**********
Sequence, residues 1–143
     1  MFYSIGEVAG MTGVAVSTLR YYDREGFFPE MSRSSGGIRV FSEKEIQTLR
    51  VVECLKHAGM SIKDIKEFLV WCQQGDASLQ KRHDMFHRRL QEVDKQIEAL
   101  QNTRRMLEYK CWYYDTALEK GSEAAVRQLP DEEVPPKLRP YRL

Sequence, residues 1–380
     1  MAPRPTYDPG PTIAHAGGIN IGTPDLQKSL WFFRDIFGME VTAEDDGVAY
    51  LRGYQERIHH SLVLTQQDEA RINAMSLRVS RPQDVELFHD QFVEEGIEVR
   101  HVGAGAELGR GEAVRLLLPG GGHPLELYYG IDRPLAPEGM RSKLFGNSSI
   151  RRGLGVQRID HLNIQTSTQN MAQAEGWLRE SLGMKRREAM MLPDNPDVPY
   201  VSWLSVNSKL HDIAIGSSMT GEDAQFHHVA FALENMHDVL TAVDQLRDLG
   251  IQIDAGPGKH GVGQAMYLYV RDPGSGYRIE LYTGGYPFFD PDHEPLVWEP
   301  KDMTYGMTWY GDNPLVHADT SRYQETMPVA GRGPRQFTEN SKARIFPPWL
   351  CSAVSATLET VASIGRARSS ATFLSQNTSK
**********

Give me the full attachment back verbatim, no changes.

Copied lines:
Sequence, residues 1–143
     1  MFYSIGEVAG MTGVAVSTLR YYDREGFFPE MSRSSGGIRV FSEKEIQTLR
    51  VVECLKHAGM SIKDIKEFLV WCQQGDASLQ KRHDMFHRRL QEVDKQIEAL
   101  QNTRRMLEYK CWYYDTALEK GSEAAVRQLP DEEVPPKLRP YRL

Sequence, residues 1–380
     1  MAPRPTYDPG PTIAHAGGIN IGTPDLQKSL WFFRDIFGME VTAEDDGVAY
    51  LRGYQERIHH SLVLTQQDEA RINAMSLRVS RPQDVELFHD QFVEEGIEVR
   101  HVGAGAELGR GEAVRLLLPG GGHPLELYYG IDRPLAPEGM RSKLFGNSSI
   151  RRGLGVQRID HLNIQTSTQN MAQAEGWLRE SLGMKRREAM MLPDNPDVPY
   201  VSWLSVNSKL HDIAIGSSMT GEDAQFHHVA FALENMHDVL TAVDQLRDLG
   251  IQIDAGPGKH GVGQAMYLYV RDPGSGYRIE LYTGGYPFFD PDHEPLVWEP
   301  KDMTYGMTWY GDNPLVHADT SRYQETMPVA GRGPRQFTEN SKARIFPPWL
   351  CSAVSATLET VASIGRARSS ATFLSQNTSK